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Frequently Asked Questions About Alpha-2-Adrenoreceptor Agonists and ADHD

What are the effects of Catapres and Tenex on ADHD?
These drugs are most widely used as blood pressure medications, but they're seeing use as an alternative to stimulants for treatment of ADHD. They work best in children with a lot of hyperactivity and aggression, and those who tend to be overfocused rather than simply distractible or inattentive. They're also drugs of choice when ADHD appears with tics or Tourette's syndrome (a disorder that may include both vocal and body tics). In fact, they're used to treat Tourette's syndrome even when it doesn't involve ADHD. They're often used in combination with stimulants.

Catapres is available as a skin patch. Placed on the torso, it provides a slow, sustained release of the drug. This helps avoid sleepiness and provides good behavioral control.

What are the key benefits?
As with the stimulants, they don't seem to create tolerance. Also, they don't appear to suppress appetite the way the stimulants do. Catapres may help a child fall asleep when given in the evening--a benefit for many children with ADHD. Tenex has no effect on sleep.

Although the research is still preliminary, these drugs may emerge as the treatment of choice for a particular subtype of ADHD: overfocused behavior.

What are the drawbacks?
These medications have little effect on the inattentiveness that's seen with classic ADHD. But since attentional problems and impulsivity can occur in the same child, combining them with stimulants may offer the best control. The two types of drugs can be taken together safely.

Another possible drawback: Unlike stimulants, which take effect immediately, your child may have to take these drugs for several weeks before their full effects become apparent. However, most begin to experience some improvement within days.

Also, these drugs can (rarely) make depression worse, so the doctor has to monitor mood carefully in children who have ADHD and depression.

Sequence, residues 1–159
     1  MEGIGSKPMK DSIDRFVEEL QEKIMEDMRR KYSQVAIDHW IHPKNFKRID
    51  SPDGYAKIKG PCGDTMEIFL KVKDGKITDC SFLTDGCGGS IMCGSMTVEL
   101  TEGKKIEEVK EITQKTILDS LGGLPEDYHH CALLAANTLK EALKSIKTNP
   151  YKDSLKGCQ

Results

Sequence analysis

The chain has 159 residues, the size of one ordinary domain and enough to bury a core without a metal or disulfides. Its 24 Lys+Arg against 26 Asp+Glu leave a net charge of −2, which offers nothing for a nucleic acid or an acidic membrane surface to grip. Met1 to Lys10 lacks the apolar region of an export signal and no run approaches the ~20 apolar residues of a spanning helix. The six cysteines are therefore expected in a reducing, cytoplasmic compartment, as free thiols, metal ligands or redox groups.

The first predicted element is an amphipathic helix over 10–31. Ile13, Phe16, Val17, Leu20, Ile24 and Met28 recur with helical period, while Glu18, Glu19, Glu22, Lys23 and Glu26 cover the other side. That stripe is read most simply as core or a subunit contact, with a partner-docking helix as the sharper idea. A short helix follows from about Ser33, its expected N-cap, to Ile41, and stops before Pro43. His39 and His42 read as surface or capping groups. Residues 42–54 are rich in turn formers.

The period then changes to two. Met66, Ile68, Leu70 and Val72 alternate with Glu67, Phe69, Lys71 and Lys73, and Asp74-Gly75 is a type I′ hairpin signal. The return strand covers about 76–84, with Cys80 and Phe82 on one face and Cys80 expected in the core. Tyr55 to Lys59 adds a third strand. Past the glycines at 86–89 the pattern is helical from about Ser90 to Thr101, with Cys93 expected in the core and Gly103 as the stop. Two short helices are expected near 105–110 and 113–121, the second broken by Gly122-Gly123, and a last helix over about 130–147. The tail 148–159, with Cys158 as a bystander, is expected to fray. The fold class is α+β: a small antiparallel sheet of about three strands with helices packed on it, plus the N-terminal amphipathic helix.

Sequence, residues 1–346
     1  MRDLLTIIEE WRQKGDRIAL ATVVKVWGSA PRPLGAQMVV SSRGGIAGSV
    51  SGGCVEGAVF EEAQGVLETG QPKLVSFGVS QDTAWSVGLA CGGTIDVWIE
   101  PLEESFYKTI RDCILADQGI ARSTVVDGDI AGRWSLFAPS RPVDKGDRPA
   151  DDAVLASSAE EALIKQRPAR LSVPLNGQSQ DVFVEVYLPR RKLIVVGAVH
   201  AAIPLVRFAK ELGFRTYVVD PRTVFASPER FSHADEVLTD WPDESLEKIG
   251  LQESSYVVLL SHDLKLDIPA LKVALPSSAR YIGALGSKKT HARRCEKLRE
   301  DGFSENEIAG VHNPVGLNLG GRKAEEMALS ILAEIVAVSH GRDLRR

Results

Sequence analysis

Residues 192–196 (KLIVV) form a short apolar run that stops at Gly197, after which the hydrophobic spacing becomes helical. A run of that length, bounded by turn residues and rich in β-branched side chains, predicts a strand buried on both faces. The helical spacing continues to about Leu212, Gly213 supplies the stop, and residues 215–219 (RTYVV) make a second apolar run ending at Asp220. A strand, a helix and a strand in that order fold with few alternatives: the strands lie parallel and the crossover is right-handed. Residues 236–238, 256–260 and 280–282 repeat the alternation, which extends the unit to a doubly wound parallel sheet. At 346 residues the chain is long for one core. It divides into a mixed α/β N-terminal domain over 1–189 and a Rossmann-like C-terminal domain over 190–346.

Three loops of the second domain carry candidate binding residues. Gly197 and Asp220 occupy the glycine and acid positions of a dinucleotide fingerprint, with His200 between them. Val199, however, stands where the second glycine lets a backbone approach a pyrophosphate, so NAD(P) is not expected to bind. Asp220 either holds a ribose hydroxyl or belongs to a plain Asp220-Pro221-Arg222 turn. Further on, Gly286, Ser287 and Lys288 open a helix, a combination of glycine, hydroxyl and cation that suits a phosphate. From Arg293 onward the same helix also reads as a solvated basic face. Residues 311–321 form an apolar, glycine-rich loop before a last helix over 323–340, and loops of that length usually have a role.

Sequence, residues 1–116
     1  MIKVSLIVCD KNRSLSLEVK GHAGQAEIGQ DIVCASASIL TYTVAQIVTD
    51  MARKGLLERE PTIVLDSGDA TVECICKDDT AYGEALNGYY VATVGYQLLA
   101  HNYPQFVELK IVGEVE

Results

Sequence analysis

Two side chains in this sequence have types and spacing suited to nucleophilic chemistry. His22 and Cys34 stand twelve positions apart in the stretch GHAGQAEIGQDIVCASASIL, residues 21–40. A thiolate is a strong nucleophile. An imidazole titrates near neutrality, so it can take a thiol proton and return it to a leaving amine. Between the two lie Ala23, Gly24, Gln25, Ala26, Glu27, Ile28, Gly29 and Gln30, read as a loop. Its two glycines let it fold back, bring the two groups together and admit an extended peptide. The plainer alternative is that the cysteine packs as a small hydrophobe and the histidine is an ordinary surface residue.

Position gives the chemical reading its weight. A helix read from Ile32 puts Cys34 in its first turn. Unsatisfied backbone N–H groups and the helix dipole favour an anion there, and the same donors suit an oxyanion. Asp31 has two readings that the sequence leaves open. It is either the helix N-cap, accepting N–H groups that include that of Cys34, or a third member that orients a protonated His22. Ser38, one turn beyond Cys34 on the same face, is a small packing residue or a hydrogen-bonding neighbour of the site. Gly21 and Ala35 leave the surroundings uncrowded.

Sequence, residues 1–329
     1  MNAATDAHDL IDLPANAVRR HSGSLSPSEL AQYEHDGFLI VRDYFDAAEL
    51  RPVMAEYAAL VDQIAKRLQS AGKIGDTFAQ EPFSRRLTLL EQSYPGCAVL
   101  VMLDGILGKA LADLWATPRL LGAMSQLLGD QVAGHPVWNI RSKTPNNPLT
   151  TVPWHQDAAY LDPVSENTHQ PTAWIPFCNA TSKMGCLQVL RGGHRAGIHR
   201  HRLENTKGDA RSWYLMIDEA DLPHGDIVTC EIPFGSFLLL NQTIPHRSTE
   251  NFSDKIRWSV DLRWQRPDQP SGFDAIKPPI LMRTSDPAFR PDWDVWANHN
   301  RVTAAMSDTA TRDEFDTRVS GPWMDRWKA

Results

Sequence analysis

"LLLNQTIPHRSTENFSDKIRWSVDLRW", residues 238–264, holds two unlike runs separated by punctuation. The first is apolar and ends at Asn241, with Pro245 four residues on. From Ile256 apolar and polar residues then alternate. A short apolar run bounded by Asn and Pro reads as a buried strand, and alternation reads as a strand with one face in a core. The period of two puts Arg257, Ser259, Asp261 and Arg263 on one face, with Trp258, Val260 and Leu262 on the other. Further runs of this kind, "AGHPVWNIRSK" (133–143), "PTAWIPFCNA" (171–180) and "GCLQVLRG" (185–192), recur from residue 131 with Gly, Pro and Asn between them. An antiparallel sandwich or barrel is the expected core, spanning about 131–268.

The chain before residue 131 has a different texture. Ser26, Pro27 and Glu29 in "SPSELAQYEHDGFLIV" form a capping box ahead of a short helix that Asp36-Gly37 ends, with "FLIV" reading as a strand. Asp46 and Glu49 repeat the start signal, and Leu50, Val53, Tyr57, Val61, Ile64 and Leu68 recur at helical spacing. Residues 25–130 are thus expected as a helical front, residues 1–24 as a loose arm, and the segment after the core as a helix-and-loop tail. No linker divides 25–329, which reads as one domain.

What kinds of side effects can I expect to see?
Side effects are uncommon, and generally mild when they do occur. They include drowsiness, low blood pressure and re- sulting dizziness, headache, nausea, depression, and effects on heart rhythm. Most side effects can be managed by reducing the dosage.

The most common side effect is drowsiness. If your child has trouble getting up and staying awake, it probably means that the medication levels are being increased too quickly. Your doctor will likely reduce the dosage and then increase it again more gradually.

These drugs also tend to lower blood pressure. A mild drop in blood pressure usually produces no symptoms, but bigger drops may cause dizziness, especially when the child stands up quickly after sitting or lying down. This and other side effects--which may include headaches and nausea--usually go away after a few weeks of treatment. More serious, but rare, are reports that these drugs may worsen depression or trigger it in a child with a family history of mood disorders. Catapres has also caused irregular heartbeats in adults, but its heart effects in children and adolescents haven't been studied yet in any detail.

If your child has to be taken off Catapres or Tenex--for example, because it isn't helping or because of side effects--your physician has to do it gradually. Like most blood pressure medications, these can cause "rebound hypertension"--that is, a sudden and potentially dangerous rise in blood pressure-- if it's discontinued too quickly.

What are the odds that treatment will be effective?
These drugs are effective in about 70 percent of cases of impulsivity. They are not particularly effective for focus and attention.

Can these medications be used if my child is on other medications?
Yes. They have few known contraindications or interactions with other drugs or with foods.

What are the typical dosages?
Traditionally, Clonidine tablets are given in the evening, because they act as a sedative. But the medication usually works best when it's administered in several small doses during the day rather than a single larger dose. To reduce the sedative effects, doses should be low at the beginning of treatment--for example, half of a 0.1 mg tablet a day for Catapres--and gradually increased to get the maximum benefit. Typically, dosages for a child will be about 0.15 to 0.3 mg--that is, three half or full tablets--a day. For adolescents the dosages will likely be a little higher. In most cases, the maximum dose won't be more than 0.5 mg a day.

Catapres is available in a skin patch as well as a pill, so it can be used in children who have trouble taking medication. The patch doesn't cause sleepiness either, so it's a useful alternative for those who can't tolerate the pills' sedative effects. Usually, however, the doctor will prescribe pills at the beginning, until tolerance to the sedative effects are established. A single patch usually lasts for four to five days. Some develop a mild skin irritation where the patch is attached; it's easily treated with a low-dose corticosteroid cream.

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From The Attention Deficit Answer Book: The Best Medications and Parenting Strategies for Your Child by Alan Wachtel, M.D. Copyright 1998. Used by arrangement with Penguin Group (USA) Inc.

If you'd like to buy this book, visit amazon.com or click on the book cover.


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